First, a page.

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#22
Just to add that most of the times when I broke a tap it was because I most likely was not holding the tap perfectly straight and level while turning the tap. In other words, I was not just turning the tap but also putting too much side forces on the tap while turning the tap.
That is why these work very well.

http://www.grizzly.com/products/Hand-Tapping-Machine/G8748?utm_campaign=zPage&utm_source=grizzly.com

But...if you want to save some money, here is a good YouTube Video by Tinker John.

His ingenious design uses a Briggs & Stratton connecting rod. I built one similar to his but I have since modified my build by just using 3/8"-drive tap drive sockets and I use a 3/8" long extension which tightly fits through the connecting rod. No drill chuck and an easier build. It works great and I haven't broken a tap since using this fixture.

Hanson® 2 Piece Adjustable Tap Socket Kit https://www.amazon.com/Hanson-3095001-2-Piece-Adjustable-Socket/dp/B000TGM7HY
 
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magicniner

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#23
You can massively reduce your chances of breaking taps by using a drill which gives less than a 100% thread.
 

Tim9

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#24
You can massively reduce your chances of breaking taps by using a drill which gives less than a 100% thread.
I totally agree Magicniner. I'm only pointing out that on those little taps...the few times I broke them I really did not have much resistance turning the tap. In fact, it seemed to be going in rather easy and then all of a sudden it snapped. And I remember that I had carelesly allowed the turning force to move sideways.
I'm pretty sure that since they are so brittle that the side forces increase the possibility of snapping them. That's why drill presses, mills or even a tapping fixtures are much less likely tox break a tap.
 

7milesup

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#25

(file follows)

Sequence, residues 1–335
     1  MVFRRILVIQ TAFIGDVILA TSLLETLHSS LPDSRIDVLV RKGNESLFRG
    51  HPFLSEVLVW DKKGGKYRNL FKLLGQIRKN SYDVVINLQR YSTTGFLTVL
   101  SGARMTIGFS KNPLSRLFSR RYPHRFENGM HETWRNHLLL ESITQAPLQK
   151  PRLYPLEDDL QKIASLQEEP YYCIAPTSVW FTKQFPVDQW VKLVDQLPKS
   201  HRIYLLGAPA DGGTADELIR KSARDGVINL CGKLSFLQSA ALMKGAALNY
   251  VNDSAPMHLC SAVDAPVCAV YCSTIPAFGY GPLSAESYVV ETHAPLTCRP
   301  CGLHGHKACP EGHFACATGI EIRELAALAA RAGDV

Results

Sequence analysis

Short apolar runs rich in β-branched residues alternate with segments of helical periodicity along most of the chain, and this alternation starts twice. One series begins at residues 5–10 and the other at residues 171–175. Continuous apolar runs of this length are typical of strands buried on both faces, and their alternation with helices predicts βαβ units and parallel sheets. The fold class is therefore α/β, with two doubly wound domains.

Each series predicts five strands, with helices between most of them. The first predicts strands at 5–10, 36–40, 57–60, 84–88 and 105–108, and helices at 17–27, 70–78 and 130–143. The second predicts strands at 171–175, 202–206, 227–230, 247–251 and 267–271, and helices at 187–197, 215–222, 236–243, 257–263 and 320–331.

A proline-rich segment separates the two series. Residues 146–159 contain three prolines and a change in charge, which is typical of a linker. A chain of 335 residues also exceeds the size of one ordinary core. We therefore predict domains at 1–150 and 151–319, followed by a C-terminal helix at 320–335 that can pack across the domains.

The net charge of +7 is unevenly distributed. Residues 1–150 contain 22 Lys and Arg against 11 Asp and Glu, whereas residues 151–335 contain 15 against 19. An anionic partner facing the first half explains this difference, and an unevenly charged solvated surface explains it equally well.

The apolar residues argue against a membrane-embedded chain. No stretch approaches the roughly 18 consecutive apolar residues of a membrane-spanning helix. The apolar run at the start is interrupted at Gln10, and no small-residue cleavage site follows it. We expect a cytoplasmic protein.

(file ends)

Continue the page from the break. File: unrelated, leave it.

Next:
One of the epiphanies I recently had was tapping aluminum with two flute taps. I always used the "standard" 3 flute tap until coming across a bunch of two flute taps. After using two flute taps, the difference between the 3 flute and 2 flute was astounding. Maybe all you guys knew that already but it was quite an eye opener for me.
 

benmychree

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#26
Two flute taps are wonderful, but should not be used for hand tapping, that is without a fixture or machine spindle to guide the tap; they have little .lateral strength and will snap off easily with small amount lateral force.
 

magicniner

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#27
I totally agree Magicniner. I'm only pointing out that on those little taps...the few times I broke them I really did not have much resistance turning the tap. In fact, it seemed to be going in rather easy and then all of a sudden it snapped. And I remember that I had carelesly allowed the turning force to move sideways.
I'm pretty sure that since they are so brittle that the side forces increase the possibility of snapping them. That's why drill presses, mills or even a tapping fixtures are much less likely tox break a tap.
I totally agree Tim9, I was only adding information not already in the thread without quoting or commenting on any content already there.